Interview: James Cunnama

James Cunnama is a professional triathlete based in Stellenbosch. James's impressive résumé includes 4th place at Kona 2013 and solid top three results in Ironman and Ironman 70.3 events worldwide. He is married to Jodie Swallow, current women's World Long Distance ITU Champion, and seven times winner of the East London Ironman 70.3, among many other achievements. We caught up with him at his home in Stellenbosch to check out his new Cervélo P5X, which you can read about here, and to find out a bit about life as an elite-level athlete, and what it takes to get to the top and stay there.

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When did you each know that you wanted to become a pro athlete - was there a sort of tipping point?


Before I became a pro athlete, I was a coach. I was studying Sports Science in Port Elizabeth and I volunteered to work at Ironman when it first came to town. After I graduated, I got a job with the team at Ironman.

 

I coached guys to do their first Ironman, while at the same time I was coaching myself to my own first Ironman in 2007. I raced it as a pro because at the time there were hardly any pros and we figured I may as well go for it and start with the front batch. I got beaten by some of the women, but I did okay.

 

I did 9 and a half hours, which is my slowest time to date for an Ironman. For the next two years, I coached to pay the bills while I was training. My training increased and increased until I was working between 11 and 3 and for the rest of the time, I either worked from home or I trained. At the end of 2008, I resigned from my job to go full-time pro.

 

With regards to your Sports Science studies: how do you find the theory correlates with real life?


It certainly helped me get into it, and it certainly helped me with the initial understanding of what was going on physiologically. I do see elite athletes with absolutely no comprehension of what is happening inside their bodies. It helps, it makes a difference to know “right, I am feeling this way because I am hypoglycemic. I can come out of this with sugar and fluids”. It helps to know what’s adapting and happening during training. For example, that the burn is lactic acid, and will go away in a day.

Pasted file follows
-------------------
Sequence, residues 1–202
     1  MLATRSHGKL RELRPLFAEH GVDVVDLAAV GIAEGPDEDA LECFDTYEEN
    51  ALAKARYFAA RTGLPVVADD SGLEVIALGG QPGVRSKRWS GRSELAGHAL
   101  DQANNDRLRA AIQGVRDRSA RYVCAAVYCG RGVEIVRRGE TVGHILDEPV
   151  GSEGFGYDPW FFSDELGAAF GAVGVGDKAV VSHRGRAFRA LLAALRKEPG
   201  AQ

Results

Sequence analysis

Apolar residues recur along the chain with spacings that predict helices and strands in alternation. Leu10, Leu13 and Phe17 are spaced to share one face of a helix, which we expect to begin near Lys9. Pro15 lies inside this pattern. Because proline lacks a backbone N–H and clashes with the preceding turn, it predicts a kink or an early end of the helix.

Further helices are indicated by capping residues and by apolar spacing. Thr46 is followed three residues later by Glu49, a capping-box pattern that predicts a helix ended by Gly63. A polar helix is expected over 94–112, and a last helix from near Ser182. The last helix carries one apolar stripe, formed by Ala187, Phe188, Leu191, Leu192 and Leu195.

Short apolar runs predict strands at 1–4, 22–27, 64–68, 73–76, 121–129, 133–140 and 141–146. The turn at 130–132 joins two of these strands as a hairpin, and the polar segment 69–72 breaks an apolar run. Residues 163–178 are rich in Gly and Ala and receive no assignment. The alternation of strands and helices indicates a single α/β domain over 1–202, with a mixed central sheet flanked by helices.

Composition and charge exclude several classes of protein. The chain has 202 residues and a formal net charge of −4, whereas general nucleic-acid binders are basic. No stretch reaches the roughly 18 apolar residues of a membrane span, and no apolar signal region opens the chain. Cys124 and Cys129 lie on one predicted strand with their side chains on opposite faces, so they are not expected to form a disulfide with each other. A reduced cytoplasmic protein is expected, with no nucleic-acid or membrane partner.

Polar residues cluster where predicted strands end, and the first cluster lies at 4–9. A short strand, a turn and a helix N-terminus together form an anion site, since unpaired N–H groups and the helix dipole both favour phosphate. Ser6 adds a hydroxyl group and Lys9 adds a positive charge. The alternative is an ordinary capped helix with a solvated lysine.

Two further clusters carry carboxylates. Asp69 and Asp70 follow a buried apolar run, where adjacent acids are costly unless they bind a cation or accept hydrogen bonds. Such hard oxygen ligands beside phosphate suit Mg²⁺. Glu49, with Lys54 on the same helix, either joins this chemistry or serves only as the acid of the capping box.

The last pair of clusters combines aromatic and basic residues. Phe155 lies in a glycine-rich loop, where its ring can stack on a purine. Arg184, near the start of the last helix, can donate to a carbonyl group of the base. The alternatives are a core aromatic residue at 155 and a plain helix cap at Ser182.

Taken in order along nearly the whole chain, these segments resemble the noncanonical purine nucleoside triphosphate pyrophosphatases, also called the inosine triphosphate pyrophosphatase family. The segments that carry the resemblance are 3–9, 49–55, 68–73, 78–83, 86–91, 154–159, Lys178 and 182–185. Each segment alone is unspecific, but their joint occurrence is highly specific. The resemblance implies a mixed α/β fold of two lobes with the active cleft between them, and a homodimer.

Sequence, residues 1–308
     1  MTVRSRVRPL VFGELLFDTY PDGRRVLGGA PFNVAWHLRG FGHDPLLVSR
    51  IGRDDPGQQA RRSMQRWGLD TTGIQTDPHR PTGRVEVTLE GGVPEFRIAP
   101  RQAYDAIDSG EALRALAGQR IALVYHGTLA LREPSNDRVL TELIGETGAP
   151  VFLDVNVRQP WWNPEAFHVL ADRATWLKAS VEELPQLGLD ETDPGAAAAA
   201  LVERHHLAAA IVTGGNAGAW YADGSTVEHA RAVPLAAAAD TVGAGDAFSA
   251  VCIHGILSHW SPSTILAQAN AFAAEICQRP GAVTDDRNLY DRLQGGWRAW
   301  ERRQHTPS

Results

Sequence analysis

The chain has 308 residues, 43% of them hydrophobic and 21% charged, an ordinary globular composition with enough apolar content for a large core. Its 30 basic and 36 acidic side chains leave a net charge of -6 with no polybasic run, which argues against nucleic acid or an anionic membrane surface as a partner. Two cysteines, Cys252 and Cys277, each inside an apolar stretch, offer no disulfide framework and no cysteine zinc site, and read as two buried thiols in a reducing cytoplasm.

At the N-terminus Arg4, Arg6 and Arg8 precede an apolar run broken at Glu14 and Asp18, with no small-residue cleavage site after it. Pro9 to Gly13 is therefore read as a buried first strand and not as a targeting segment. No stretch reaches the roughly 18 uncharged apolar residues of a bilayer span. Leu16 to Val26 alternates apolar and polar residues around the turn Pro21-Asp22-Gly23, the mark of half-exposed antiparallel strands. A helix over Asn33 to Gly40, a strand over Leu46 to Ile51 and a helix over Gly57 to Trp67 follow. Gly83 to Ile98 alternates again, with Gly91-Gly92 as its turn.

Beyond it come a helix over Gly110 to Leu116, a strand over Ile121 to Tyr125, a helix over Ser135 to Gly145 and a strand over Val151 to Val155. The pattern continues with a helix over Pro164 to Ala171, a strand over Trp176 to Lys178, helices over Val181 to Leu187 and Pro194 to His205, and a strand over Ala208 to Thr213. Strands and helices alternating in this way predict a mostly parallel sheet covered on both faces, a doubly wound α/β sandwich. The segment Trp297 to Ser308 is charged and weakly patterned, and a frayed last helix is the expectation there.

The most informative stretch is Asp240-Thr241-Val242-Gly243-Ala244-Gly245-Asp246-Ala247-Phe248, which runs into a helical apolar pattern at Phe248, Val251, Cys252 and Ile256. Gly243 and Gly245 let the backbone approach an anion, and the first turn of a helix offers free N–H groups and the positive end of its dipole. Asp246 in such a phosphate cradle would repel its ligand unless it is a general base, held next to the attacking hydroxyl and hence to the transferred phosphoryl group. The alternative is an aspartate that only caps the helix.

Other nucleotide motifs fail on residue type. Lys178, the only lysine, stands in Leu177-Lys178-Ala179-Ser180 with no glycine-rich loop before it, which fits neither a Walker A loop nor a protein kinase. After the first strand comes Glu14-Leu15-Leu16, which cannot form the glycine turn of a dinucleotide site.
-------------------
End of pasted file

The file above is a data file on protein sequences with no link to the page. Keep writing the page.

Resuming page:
What do think is the difference between the guys who make it and the guys who don’t?


It’s a combination of everything. I would love to say that it is just talent, but there are lots of guys way more talented than me who have not made it. Or I could say it is just hard work, but there are loads of people who work ridiculously hard but they just don’t have the raw materials to turn that into top level racing.

 

The best coach in the world can’t make you into an elite athlete if you don’t have the raw talent, do the hard work, and have the opportunity. There are many people who never have the opportunity to learn to swim, ride a bike or try something like a triathlon. Everything has to fall into place at the right time and it’s a very difficult sequence to get right.

 

You have to be prepared to take risks. One of the big things I did was to take the risk of leaving my job knowing that I could not go and ask for my job back in a year, because it would not be there.

 

You are married to a professional triathlete (Jodie Cunnama née Swallow). How do the two of you disconnect from the world of racing, and training? Or do you live, eat, sleep and breathe triathlon?


In the season, Jodie and I pretty much live triathlon. It is eat, sleep, and train. In some respects, it’s easier because we are both happy to go to bed at 8:30 pm and there is no guilt about one partner wanting to go out and the other wanting to sleep.

 

Obviously, there is the flip side which is that we are both tired all the time, we’re both grumpy all the time. So it does have its challenges, but we’ve found a pretty good balance. We do make a concerted effort to get away from training when we can, but that is pretty much limited to the off-season.

 

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Are you competitive within your relationship?


I’d say Jodie is more competitive, she is competitive with anyone and everyone. I’m able to switch it on and off as needed. We swim together and it’s good to be able to push each other and challenge each other in the pool. But I wouldn’t say we are competitive with each other.

 

Do you compete in mostly the same events, or do you pick and choose depending on what suits your training schedule and plans for the year? What determines which events you choose to compete in?


A bit of both we try and choose events that coordinate with each other so that we can travel together as much as possible. It is far more pleasant than travelling on your own. But quite often it does not work out. A race that suits me, might not suit Jodie at all and vice versa, or Jodie has qualified for a race that I have not qualified for and our schedule changes accordingly as the season progresses.

 

With East London 70.3 just around the corner (geographically speaking), does this event carry specific importance to you?